‘Deranged liver blood tests’ – diagnosing primary biliary cholangitis
22 October 2018
In the first of a new gastroenterology clinic series, Dr Amine Benmassaoud and Dr Emmanuel Tsochatzis discuss a case of unusual liver bloods
A 54 year old lady with hypothyroidism on levothyroxine, osteopenia on calcium and vitamin D, and dry eyes on artificial eye drops presents to her GP for a routine visit. One month ago, at a general check-up, she was noted to have an alkaline phosphatase (ALP) of 350IU/L (upper limit of normal [ULN] 130IU/L), an alanine aminotransferase (ALT) of 65IU/L (ULN 40IU/L), and a gamma-glutamyl transferase (GGT) of 200IU/L (ULN 70IU/L). She otherwise feels well, but feels limited by fatigue and occasional pruritus, especially on her palms and soles.
On examination she appears well. Her weight is 70kg. There is no jaundice or stigmata of chronic liver disease. Abdomen is soft and non-tender with no appreciable organomegaly.
Her GP repeats a set of bloods including a full blood count, urea and electrolytes, liver enzymes, a thyroid profile and a liver database. Blood tests return as normal, except for persistently deranged liver enzymes with ALP at 372IU/L, and ALT at 59IU/L. Bilirubin and albumin are normal.
Deranged liver blood tests are identified regularly in general practice. The initial approach should be targeted at identifying the underlying cause and once this is identified, establishing the degree of liver disease severity is also important. A medical history, including alcohol intake and drug history is the first step followed by differentiating between a cholestatic and hepatitic pattern of injury. In this case, the pattern appears cholestatic in nature. Although an isolated rise in ALP might not be of liver origin as it is also expressed in other tissues such as bone, intestine and placenta, a coincidentally raised GGT would point toward a hepatic origin. An initial set of investigations is then tailored to the differential diagnosis and the patient’s condition1 (table 1).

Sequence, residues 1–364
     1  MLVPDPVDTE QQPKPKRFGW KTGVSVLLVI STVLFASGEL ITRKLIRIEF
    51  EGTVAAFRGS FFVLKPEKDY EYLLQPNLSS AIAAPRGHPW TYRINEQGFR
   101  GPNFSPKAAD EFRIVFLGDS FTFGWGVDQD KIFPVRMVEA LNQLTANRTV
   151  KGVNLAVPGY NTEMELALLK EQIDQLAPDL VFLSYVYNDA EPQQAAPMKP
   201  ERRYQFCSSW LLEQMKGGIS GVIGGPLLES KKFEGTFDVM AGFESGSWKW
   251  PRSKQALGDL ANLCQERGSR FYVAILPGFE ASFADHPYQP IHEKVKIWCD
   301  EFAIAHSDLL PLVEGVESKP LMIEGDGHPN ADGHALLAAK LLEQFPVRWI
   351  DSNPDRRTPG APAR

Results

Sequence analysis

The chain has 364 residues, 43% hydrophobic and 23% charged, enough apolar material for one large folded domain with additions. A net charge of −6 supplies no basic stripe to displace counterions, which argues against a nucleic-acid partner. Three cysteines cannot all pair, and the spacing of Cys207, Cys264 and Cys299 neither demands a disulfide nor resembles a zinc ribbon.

Table 1: Investigations for non-acute abnormal liver blood tests
|Routine laboratory tests||Standard liver etiology screen||Imaging|
|FBC||HBsAg, HCV Ab||Abdominal ultrasound|
|LFT (incl. bilirubin, ALT, AST, ALP, GGT, and albumin)||ANA, SMA, AMA, immunoglobulins (IgM, IgG, IgA), ferritin and transferrin saturation|
|Prothrombin time||Caeruloplasmin (if age <40 years), alpha-1 antitrypsin levels, HbA1c|
*FBC, full blood count; LFT, liver function tests; ALT, alanine aminotransferase; AST, aspartate aminotransferase; ALP, alkaline phosphatase; GGT, gamma glutamyl-transferase; HBsAg, hepatitis B surface antigen; HCV Ab, hepatitis C virus antibody; ANA, anti-nuclear antibody; ASMA, anti-smooth muscle antibody; AMA, anti-mitochondrial antibody; HbA1c, haemoglobin A1; MRCP, magnetic resonance cholangiopancreatography.
Investigations return with a positive anti-mitochondrial antibody (AMA) at a titre of 1:1280, and a raised IgM at 5.0g/L (ULN 2.5g/L). ANA, and ASMA are negative, and IgG is normal. Abdominal ultrasound did not identify any biliary ductal dilatation whether intra- or extra-hepatic while the liver contour is smooth. Coagulation profile is normal, and there are no signs of portal hypertension (normal platelets, and spleen size on ultrasound).
A diagnosis of primary biliary cholangitis (PBC, formerly known as primary biliary cirrhosis) is therefore established, on the basis of a raised ALP, and a positive AMA, and a liver biopsy is not required. The raised IgM is supportive of the diagnosis, but not necessary.